The border is made up of more than 11,000 straight lines, ranging from a few feet to many miles in length. 5,700 of these lines are over water, including many meandering streams, and are recorded as turning points, marked by reference monuments on shore. Over land there are more than 5,300 fixed points, between which are the straight lines that make up the terrestrial border. Most of these points are marked with a monument, which range from a small brass medallion to a tall stone obelisk.

With a staff of less than 30 people and an annual budget between $3 million to $30 million, the IBC maintains more than 8,000 monuments along the boundary. It also preserves the cut line, clearing away all bushes and trees for ten feet on either side of the boundary. This, more than any other feature, makes the boundary visible, and creates a swath, 20 feet wide, through more than 1,300 miles of forested land.
 
Since the 1960s, the IBC has been authorized to regulate all construction that occurs within the 20-foot boundary zone. In the interest of maintaining a clear unobstructed view of the boundary, this generally means saying no to all new construction except for roads and pipelines, and even, in most cases, denying permission to substantially repair existing buildings.
 
If an old barn that happens to be on the line needs to be rebuilt, the IBC will encourage the owner to tear it down, or rebuild it away from the line. This, along with the complications of dealing with two sets of building codes, two sets of contractors, and two insurance companies, means that most buildings straddling the line are now abandoned and falling down. There once were hundreds of buildings on the line (many of which were used to serve liquor during Prohibition). Now there are less than 40.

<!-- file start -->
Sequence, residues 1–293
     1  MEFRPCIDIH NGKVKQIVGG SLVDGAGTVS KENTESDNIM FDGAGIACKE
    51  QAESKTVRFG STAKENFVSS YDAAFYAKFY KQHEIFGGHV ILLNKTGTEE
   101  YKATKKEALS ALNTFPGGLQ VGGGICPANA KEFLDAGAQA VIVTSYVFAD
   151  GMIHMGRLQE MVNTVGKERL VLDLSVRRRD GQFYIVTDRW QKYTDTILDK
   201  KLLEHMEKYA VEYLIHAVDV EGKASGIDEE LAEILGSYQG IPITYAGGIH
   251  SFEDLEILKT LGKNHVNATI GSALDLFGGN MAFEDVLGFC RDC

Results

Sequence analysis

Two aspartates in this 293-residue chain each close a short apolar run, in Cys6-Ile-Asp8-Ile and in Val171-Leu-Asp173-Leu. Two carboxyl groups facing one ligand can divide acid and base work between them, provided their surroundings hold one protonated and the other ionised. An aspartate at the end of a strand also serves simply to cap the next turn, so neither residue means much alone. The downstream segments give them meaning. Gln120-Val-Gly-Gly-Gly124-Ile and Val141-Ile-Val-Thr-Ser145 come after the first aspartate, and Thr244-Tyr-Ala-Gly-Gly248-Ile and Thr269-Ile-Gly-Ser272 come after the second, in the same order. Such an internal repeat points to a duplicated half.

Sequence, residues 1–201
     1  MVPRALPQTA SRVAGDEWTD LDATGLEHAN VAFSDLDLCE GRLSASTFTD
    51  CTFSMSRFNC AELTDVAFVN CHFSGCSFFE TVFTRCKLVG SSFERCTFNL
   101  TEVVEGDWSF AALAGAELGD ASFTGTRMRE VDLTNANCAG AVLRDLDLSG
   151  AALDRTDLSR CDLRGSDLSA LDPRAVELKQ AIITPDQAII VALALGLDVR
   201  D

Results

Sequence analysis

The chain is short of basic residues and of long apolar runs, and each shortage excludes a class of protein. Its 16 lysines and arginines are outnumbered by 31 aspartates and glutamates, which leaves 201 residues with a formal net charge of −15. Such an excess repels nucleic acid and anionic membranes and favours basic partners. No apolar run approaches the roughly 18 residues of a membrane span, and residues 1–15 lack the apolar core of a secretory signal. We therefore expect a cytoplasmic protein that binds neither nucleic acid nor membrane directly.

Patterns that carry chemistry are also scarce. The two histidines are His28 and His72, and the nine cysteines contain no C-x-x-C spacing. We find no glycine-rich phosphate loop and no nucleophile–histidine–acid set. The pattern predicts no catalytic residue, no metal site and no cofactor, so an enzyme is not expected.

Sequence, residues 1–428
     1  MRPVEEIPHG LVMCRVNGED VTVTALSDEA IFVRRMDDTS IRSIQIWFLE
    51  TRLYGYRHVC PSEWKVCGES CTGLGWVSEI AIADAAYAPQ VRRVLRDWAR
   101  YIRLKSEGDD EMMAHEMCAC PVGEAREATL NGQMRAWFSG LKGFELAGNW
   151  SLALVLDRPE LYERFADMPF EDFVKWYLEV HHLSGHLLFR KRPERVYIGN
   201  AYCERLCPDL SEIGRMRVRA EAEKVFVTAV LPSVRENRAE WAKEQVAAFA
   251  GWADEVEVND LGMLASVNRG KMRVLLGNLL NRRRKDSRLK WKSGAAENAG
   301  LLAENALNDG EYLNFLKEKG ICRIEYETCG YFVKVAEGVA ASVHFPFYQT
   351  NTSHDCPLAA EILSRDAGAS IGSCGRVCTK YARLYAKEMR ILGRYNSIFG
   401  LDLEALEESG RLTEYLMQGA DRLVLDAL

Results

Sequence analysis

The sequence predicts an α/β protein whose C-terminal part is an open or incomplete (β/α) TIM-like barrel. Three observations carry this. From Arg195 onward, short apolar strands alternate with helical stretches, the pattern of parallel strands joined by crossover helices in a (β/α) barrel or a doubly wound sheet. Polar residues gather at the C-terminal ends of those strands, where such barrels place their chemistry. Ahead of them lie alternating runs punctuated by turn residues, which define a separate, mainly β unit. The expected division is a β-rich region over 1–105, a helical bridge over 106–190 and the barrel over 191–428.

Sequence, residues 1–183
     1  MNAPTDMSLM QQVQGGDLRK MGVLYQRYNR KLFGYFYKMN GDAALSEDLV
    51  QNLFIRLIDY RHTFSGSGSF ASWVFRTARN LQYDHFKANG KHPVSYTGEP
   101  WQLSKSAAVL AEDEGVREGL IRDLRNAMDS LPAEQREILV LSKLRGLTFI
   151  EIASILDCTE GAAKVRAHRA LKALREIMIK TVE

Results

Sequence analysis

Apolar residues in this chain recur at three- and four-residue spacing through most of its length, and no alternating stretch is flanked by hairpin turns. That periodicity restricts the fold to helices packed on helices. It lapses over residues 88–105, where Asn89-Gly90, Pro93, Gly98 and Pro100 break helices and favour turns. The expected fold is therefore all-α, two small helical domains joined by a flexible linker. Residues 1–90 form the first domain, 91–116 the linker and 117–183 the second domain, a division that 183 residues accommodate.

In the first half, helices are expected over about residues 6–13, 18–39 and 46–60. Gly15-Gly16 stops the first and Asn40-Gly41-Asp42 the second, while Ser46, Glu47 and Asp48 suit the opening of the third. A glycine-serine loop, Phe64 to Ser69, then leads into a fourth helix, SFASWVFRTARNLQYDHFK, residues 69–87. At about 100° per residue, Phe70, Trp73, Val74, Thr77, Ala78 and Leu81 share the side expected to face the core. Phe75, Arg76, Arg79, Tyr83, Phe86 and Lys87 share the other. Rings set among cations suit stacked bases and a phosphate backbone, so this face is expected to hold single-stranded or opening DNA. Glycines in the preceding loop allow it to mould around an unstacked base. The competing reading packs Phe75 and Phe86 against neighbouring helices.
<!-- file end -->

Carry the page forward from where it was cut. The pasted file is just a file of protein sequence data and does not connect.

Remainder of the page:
On one side the boundary is the cold, northern edge of the USA, where the population peters out and the landscape becomes frontier-like. But then, on the other side, it starts all over, as the warm, southern edge of Canada, with some of the best farmland in that country.
 
The CLUI mandate is to examine American culture by looking at the ground, and though the exhibit covers international space, it is about the USA’s northern boundary, not Canada’s southern one. Perhaps it will be combined someday with a similar project, told from the Canadian point of view, creating a North American portrait united by the dividing line.  ♦

3754 The U.S. Commissioner of the International Boundary Commission, Kyle Hipsley, discussed the border at the CLUI in December 2014. CLUI photo
 

3755 The international boundary passes through towns, like Derby Line, Vermont, where it grazes structures including this garage, and goes through several buildings directly. CLUI photo
 

3756 The international boundary passes through a few commercial buildings, like the Halfway House, in Fort Covington, New York, which has seperate entrances on either side of the border. CLUI photo



3757 Dozens of bridges span the international boundary, such as this one in Baudette, Minnesota. Often the change in paint or maintenance schedules is reflected on the bridge’s structure. CLUI photo
 

3758 The international boundary is marked as it crosses the midpoint of the Detroit Windsor Tunnel, 75-feet under the surface of the Detroit River. This is the only subaqueous international vehicular tunnel in the nation, if not the world. CLUI photo
 3759 At the International Peace Garden in North Dakota, the international boundary is celebrated and manifested physically in a multiplicity of forms, from pools to towers, and even runs through the middle of an organ keyboard. CLUI photo

3760 Several ports of entry were built on the border itself, such as this one in Danville, Washington, with Canadian customs and immigration on one side, and American customs and immigration on the other. CLUI photo